Transport Group’s world premiere musical, Renascence, with music by Carmel Dean (musical director If/Then), book by Dick Scanlan (Thoroughly Modern Millie), and lyrics from the poems of Edna St. Vincent Millay, is not only a window into the writer’s mind and heart, but also an exploration about the fluidity of identity. Edna, who calls herself Vincent, captivates both men and women with her intellect and reckless sexuality. One of her two sisters is … Continue reading..

Harold’s at Arlo SoHo–a Restaurant Review by Andrea Santo Felcone

November 2, 2018

A restaurant that sets its sights on trying to appeal to children as well as adults, in a sophisticated—yet playful—manner, might be a restaurant with an ambitious goal. Add to that, the desire to serve American Bistro food, of decent portion size, with seasonal menus … all of this might seem too much to attain. Yet, this is achieved rather artfully at Harold’s, the ground-floor restaurant at the Arlo SoHo hotel, named after chef Harold Moore. The Arlo SoHo is a modern boutique micro-hotel located at 231 Hudson Street, very near the Holland Tunnel.

Harold's Restaurant, Arlo Soho


A few steps into the Arlo SoHo and you’ll notice modern décor mixed with delightfully playful touches: a Dylan’s Mini Candy Bar greets you with its multi-colored bins of candy, rainbow-swirled lollipops–had my youngest been with me we wouldn’t have gotten much farther than that! The lobby is filled with carved-out spaces for guests to enjoy a coffee, a book, or their digital devices, in a modern atmosphere that doesn’t sacrifice comfort. That same intersection of style carries forth to the dining experience at Harold’s.

Upon arriving at Harold’s, my friend and I received a warm welcome from the staff (who continued to be very Continue reading..

THE PLAY THAT GOES WRONG: Ticket Giveaway & Discount

November 1, 2018




The New York Times




Get a Sneak Peek of the Show!

* Photos by Matthew Murphy.


SAVE UP TO 35% on this Olivier Award-Winning Comedy!*

Valid for performances through December 16th ONLY!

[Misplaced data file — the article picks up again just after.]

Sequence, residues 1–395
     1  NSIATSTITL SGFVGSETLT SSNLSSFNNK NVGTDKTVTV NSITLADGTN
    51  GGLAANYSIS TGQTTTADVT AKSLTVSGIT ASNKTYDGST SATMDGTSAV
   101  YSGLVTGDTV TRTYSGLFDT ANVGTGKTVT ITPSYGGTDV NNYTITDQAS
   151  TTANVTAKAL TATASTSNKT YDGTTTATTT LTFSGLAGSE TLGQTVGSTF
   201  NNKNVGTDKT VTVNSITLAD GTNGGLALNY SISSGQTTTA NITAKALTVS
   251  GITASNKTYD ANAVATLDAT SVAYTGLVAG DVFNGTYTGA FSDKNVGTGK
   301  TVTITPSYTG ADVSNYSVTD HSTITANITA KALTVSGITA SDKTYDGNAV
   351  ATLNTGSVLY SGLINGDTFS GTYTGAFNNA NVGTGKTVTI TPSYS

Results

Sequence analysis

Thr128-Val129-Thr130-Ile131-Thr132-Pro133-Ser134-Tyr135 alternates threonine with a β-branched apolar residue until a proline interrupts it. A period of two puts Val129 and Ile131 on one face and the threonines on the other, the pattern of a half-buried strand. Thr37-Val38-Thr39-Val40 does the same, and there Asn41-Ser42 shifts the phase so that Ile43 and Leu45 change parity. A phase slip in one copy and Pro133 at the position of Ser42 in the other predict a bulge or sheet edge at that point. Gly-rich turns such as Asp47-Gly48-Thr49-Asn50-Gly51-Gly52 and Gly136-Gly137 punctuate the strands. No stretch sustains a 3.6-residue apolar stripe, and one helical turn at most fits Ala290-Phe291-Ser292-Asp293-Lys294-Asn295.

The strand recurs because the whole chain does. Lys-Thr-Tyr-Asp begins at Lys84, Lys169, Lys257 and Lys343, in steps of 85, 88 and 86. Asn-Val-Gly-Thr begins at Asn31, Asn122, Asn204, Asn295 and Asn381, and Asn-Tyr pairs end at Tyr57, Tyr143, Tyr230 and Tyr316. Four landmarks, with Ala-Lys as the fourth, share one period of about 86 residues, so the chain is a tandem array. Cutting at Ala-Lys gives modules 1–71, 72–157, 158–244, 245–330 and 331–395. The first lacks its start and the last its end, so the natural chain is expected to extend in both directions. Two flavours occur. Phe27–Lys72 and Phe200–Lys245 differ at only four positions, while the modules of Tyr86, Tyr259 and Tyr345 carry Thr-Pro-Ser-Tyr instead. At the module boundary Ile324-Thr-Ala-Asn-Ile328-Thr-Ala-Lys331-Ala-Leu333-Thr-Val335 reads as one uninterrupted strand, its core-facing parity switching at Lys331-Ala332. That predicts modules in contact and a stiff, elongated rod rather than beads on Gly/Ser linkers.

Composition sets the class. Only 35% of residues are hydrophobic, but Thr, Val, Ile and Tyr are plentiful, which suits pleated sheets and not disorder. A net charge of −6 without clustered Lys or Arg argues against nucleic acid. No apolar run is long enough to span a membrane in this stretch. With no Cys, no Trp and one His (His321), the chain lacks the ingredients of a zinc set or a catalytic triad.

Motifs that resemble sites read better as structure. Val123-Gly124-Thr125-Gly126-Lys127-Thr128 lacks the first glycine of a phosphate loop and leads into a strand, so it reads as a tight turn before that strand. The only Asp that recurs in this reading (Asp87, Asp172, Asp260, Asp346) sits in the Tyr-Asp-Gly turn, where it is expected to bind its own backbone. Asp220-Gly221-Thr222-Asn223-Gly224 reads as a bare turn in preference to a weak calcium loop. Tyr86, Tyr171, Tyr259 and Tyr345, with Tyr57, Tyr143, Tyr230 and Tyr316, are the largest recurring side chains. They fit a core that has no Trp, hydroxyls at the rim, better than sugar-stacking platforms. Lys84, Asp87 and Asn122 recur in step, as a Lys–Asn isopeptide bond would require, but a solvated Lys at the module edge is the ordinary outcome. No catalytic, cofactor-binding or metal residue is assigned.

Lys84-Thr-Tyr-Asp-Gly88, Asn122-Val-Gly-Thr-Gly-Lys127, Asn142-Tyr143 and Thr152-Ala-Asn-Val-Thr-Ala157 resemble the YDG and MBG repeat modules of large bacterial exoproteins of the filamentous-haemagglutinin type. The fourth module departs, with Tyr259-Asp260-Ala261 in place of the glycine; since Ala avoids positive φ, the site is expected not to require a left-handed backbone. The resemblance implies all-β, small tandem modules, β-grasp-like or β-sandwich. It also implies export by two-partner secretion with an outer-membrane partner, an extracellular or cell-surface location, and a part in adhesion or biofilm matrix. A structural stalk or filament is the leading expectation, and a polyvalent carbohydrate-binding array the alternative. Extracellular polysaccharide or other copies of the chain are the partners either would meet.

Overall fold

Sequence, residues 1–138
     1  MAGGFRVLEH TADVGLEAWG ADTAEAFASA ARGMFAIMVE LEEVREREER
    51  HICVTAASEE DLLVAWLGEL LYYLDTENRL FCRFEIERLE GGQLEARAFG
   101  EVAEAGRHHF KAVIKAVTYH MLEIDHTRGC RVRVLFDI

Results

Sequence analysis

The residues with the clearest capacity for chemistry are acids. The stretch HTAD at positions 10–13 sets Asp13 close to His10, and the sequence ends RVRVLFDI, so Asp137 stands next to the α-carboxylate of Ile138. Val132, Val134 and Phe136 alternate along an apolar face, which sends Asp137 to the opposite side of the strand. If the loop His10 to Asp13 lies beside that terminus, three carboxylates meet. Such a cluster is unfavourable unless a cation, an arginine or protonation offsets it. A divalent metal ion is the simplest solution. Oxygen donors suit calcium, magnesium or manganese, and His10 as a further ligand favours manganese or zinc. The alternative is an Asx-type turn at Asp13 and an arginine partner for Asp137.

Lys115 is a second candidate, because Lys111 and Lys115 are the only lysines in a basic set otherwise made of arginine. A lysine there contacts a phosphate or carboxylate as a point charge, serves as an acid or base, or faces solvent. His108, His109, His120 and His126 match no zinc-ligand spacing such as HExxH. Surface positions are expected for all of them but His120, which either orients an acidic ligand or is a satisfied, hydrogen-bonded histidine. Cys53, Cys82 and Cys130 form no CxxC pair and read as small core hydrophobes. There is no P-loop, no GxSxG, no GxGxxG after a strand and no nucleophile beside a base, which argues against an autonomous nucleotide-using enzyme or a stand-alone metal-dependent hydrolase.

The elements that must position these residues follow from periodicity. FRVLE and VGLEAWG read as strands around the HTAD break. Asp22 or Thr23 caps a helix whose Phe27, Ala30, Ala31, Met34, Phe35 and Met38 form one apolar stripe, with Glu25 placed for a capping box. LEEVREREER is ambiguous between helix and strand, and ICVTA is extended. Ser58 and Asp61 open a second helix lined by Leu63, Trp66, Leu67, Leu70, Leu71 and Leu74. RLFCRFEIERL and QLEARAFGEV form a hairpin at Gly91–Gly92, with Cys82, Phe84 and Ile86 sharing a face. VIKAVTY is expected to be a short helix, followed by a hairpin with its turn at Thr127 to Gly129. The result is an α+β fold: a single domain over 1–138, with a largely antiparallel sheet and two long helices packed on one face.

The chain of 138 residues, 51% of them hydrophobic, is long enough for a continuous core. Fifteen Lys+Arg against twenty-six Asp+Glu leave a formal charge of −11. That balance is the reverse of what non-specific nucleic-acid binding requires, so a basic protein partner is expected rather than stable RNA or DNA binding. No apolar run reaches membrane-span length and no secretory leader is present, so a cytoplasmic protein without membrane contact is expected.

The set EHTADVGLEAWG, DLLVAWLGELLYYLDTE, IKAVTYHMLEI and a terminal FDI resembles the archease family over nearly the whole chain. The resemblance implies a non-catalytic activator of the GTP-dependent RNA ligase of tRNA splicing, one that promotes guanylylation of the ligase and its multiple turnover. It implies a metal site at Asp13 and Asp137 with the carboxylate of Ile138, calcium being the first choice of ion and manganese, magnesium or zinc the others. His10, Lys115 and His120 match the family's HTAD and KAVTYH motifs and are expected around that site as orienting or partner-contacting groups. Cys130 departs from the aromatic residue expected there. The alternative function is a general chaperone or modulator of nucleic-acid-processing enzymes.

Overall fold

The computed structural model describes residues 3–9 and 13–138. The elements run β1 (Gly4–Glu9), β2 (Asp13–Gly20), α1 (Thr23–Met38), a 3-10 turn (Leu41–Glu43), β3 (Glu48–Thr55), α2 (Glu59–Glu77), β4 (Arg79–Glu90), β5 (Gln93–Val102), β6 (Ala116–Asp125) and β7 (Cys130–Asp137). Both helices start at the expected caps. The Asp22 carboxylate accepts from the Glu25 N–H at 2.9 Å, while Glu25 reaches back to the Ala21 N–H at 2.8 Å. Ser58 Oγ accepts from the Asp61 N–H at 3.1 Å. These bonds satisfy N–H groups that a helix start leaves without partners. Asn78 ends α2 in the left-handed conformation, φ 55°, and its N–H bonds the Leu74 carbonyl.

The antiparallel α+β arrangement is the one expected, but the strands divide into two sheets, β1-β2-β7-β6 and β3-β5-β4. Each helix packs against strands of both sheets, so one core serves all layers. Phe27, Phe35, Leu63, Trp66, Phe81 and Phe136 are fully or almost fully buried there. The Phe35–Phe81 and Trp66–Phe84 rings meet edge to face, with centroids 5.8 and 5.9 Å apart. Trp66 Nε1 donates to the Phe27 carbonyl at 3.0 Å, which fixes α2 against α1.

Use Code PYMHL919.

*Reg. prices are $30-$145. Discount prices are valid for performances through December 16, 2018.  Not Valid for performances 11/22/18 – 11/26/18.  Additional blackout dates may apply. All prices include a $2 facility fee. Limit of 8 tickets per order. Normal service charges apply to phone and Internet orders. Offer subject to availability and not applicable on previous purchases. All sales are final—no refunds or exchanges. Offer may be revoked or modified at any time without notice.


MotherhoodLater.comis giving away tickets for THE PLAY THAT GOES WRONG. To enter for a pair,  email  Put THE PLAY THAT GOES WRONG in the Subject Line, and indicate why you would like to see the show.  Winners will be notified via email.  The ticket offer is only good to see

Continue reading..

Big Apple Circus: Show Review by Amy Wall Lerman

October 30, 2018

I have never been a fan of the circus.  Not because there’s anything wrong with acrobats, clowns or the flying trapeze.  It’s always been because of the animals.  I don’t enjoy seeing trained wild animals doing tricks.  It looks, and feels, unnatural.  And, frankly, that’s because it is unnatural.

Well, I can honestly say that New York City’s famed “Big Apple Circus” is my kinda’ circus.  The only animals involved are some very agile dogs, some beautiful horses, and an adorable pig all lovingly managed by 3rd generation animal trainer, Jenny Vidbel.  This is a circus that couldn’t offend if they tried.

Even the clowns were unique.  No big red noses, floppy wigs, or hideous face-painting.  Instead the clowns were just a couple of guys who cleverly amused with slap stick antics and the usual buffoonery.  One of the “clowns,” portrayed by comic Mark Gindick, starts out in a business suit at the beginning of the show.  He stumbles into the spotlight under the “Big Top” starting a fun narrative reminiscent of the old adage, “I’m running off to join the circus.”  What else could a wayward businessman glued to his cell phone possibly want?  He joins forces with … Continue reading..

The Best is Yet to Be by Marlene Wagman-Geller, author, Great Second Acts: In Praise of Older Women (Book Excerpt)

October 25, 2018

With the optimism of youth, there is an inherent belief that, in the words of Dorothy from The Wizard of Oz, “The dreams that you dare to dream really do come true.” However, as the calendar pages turn, our aspirations tend to recede into the distance, placed on the back burner by financial survival, child-rearing, and male maintenance. Then, in a dizzying blur, we gasp at the pigment-free image staring back from the mirror, reminding us how quickly time passes. It is essential that we do not go gentle into our twilight years. Ladies who experience late-in-life reinvention are the embodiment of what Antony said about Cleopatra: “Age cannot wither her / Nor custom stale / Her infinite variety.”

Growing up in Toronto, Canada, my holy grail was to have my name on the spine of a book, having a seat in my own version of the Algonquin Round Table. Life did not play out that way. (Surprise, surprise.) While waiting to publish the great Canadian novel, heir apparent of Margaret Atwood, I became a high school English teacher. Although pouring knowledge into young minds is a noble pursuit, my dream of authorship haunted me.

In 1986, I moved … Continue reading..